Ronald: Yeah, exactly. As you gain experience, you become a lot more confident in building up this relationship with the customer, because with the order frequency, you can also see that a lot of repeat business is made after two weeks, or maybe it’s one month. Then using some sort of email marketing tool, whether it’s free to use Mailchimp or a more advanced Klaviyo or ActiveCampaign and then applying that science into the customer journey. Then do exactly the same, hit them again with the day after which some sort of thank you email, two weeks later after that and so on. Your repeat frequency buying cycle, if your customer increases, making the cost to acquire them a lot less.
Joe: Just a touch on that again, there are– I haven’t used Mailchimp in a long time, but the email marketing tools I do use like ConvertKit or Jilt do allow for things like that. In ConvertKit, when somebody makes a purchase in WooCommerce, they get tagged with that purchase. Then I could set up a sequence to email them that day, “Thank you for your purchase. The next day, “Have you logged into the course yet? I think you should check it out.” And then if I know that they’re likely to buy an hour of consulting or a follow up course in two or three weeks time, I can tell ConvertKit to email them in three weeks and say, “I hope you’re enjoying the course. If you have any questions, let me know. By the way, if you want some one on one time with me, you can buy it.”
Ronald: I think absolutely. I know you don’t mind to spend a little bit more on a premium tool, but Jilt is a great example of that. Absolutely.
Joe: Awesome. As we wrap up here, you’ve given us a lot of tips. But let’s say that somebody is– They’ve recently set up their WooCommerce shop. What are two or three things that they can do today to start jumping into improving the customer journey?
Ronald: Absolutely, the first thing is to connect it with Google Analytics. Again, search console is crucial because it will help to understand where you’re positioned organically. What are the key words? What are the sort of things that people are looking for? Same is to analyze your search functionality inside your WooCommerce shop and make sure that each search query gets recorded in analytics. Again, there are lots of tutorials on that. Then it’s applying the tools to improve your WooCommerce shop. One by one, bit by bit, look at first finding the right product. Upselling it, abandoned cart, throughout the checkout, “Thank you” page and email reminder, or whether it’s a confirmation of an order and dispatch, and automate and improve on the whole full journey. But Amazon is the best example, and we can all create it if we have the time and money. But that’s one thing I’ve found out is that people overlooked that. Look at the most obvious examples around you.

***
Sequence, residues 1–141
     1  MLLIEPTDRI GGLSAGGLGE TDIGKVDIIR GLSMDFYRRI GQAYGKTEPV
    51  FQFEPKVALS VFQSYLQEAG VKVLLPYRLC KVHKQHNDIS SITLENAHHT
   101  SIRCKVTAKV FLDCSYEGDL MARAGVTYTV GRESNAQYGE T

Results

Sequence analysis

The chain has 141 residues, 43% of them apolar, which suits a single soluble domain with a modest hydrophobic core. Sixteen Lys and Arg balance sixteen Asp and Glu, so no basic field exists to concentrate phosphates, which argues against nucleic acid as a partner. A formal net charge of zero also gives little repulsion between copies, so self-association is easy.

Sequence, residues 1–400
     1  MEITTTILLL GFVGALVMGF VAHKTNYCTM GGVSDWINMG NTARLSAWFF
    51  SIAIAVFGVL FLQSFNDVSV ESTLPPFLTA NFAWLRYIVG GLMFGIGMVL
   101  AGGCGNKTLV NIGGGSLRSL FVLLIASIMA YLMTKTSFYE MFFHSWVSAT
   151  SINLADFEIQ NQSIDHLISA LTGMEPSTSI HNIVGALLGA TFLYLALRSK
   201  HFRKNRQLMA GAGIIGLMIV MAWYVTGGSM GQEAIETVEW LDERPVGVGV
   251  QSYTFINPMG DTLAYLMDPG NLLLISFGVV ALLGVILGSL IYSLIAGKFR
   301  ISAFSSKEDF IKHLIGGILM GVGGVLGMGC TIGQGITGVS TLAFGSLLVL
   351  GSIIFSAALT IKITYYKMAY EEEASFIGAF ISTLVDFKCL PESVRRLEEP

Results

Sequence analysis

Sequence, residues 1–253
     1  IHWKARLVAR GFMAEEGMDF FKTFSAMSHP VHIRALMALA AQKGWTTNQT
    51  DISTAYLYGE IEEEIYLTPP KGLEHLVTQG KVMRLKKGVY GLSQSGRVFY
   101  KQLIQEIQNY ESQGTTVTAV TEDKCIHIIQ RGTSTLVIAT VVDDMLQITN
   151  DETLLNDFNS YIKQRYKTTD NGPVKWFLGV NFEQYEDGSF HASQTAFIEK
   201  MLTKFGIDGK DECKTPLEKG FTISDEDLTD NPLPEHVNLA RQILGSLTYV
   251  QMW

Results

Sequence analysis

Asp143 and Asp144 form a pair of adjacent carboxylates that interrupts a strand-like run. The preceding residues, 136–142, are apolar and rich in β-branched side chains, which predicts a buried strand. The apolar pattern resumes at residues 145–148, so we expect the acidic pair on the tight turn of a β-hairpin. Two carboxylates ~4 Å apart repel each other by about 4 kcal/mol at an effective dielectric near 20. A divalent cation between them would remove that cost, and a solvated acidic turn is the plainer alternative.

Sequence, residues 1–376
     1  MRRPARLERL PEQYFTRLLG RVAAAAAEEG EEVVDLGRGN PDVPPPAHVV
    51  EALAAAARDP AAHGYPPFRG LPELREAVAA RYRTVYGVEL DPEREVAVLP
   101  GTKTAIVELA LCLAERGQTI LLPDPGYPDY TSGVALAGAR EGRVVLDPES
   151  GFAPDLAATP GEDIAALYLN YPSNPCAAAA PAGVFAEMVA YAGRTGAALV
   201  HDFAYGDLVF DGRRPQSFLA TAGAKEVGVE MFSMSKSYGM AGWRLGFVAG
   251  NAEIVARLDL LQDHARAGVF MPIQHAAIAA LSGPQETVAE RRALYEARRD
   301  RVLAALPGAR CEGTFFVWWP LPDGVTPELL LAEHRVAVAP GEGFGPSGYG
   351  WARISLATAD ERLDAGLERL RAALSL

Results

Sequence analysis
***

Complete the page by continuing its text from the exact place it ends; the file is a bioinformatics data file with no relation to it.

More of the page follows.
Joe: Until you mentioned that earlier in this episode, it didn’t occur to me because I think “I’m selling a digital course.” It’s not the same as selling physical products, but it is– You have somebody who likes what you’re doing, who is giving you money to support that thing, and you’re not going to be able to live forever on the $100 bucks that they spent five years ago or whatever.
Ronald: I think digital and e-learning, you’re partnering with other people and cross-selling your service with somebody else who does a complementary service, and vice-versa. A great ways of adding value to each other’s product.
Joe: Absolutely. That’s fantastic, and we’ll have to–
Ronald: I think we could talk about it for many more hours.
Joe: I think we’ll have to have another episode talking about maybe e-learning specifically, but this has been great, Ronald. I do need to ask you my favorite question, of course, which is, do you have any trade secrets for us? You’ve given us so much, but is there some observation that you’ve made that will be very helpful to the listeners?
Ronald: You’ll have to clip out this pause because I wasn’t quite ready for that.
Joe: The pause is the best part. I want to make a compilation of everybody, every single one of my guests pretty much says “Trade secret?” and then they pause. I think I’m just going to have a whole episode of that.
Ronald: Yeah, right. I’m going to go back to [attribution]. So, clap your hands.
Joe: I do need to ask my favorite question, which is, do you have any trade secrets for us?
Ronald: I think I’ve mentioned it already three times, and it’s enabling Google attribution view. To me, when I started experimenting with that and looking at first click and last click and data driven click, a whole new world opened to me on customer behavior. And it’s there, for free.
Joe: Fantastic. I know that as soon as we are done recording here, I am going to do that, I’m going to spend a little bit of extra time looking through my Google Analytics and improving my shop. So, I appreciate that. “Enable Google attribution view,” I said this earlier, but I’ll have a link in the show notes which you can find over at HowIBuilt.it for how to do that. Ronald, thank you so much for joining us today. Where can people find you?
Ronald: You can find me on Twitter, @Just2Ronald. I’m also on LinkedIn, and you will have a link. Check it out, send me a message on there as well. I’m always happy to have a conversation and support.
Joe: Awesome. I willing to all of that in the show notes. Ronald, thank you so much for joining me today. I appreciate it.
Ronald: Thank you. Bye, everyone.
Outro: Thanks so much to Ronald for joining us this week. The way that he uses Google Analytics was really impressive to me. I hope that you were able to follow him as he talked through some of these instructions. There will be a link to some of these videos over in the show notes at HowIBuilt.it/166. Thanks to Ahrefs for sponsoring this episode. I’m so excited to have them onboard because they have helped me really up my content’s game. If you’re following me on other channels, then you know that I’ve been just pumping out a ton of content lately, and Ahrefs has been helpful in determining what kind of content I should put out there. Definitely be sure to check them out and thank them for supporting the show. Now I do have a special offer for you if some of the stuff that Ronald was talking about was great, but you’re wondering maybe where to start at the level before this, getting your website up and running quickly, I have a free PDF for you. 5 Tools for Building Faster Websites. You can find it right on the show notes page over at HowIBuilt.it/166. It is completely free, so be sure to check it out. Thank you so much for listening. Until next time, get out there and build something.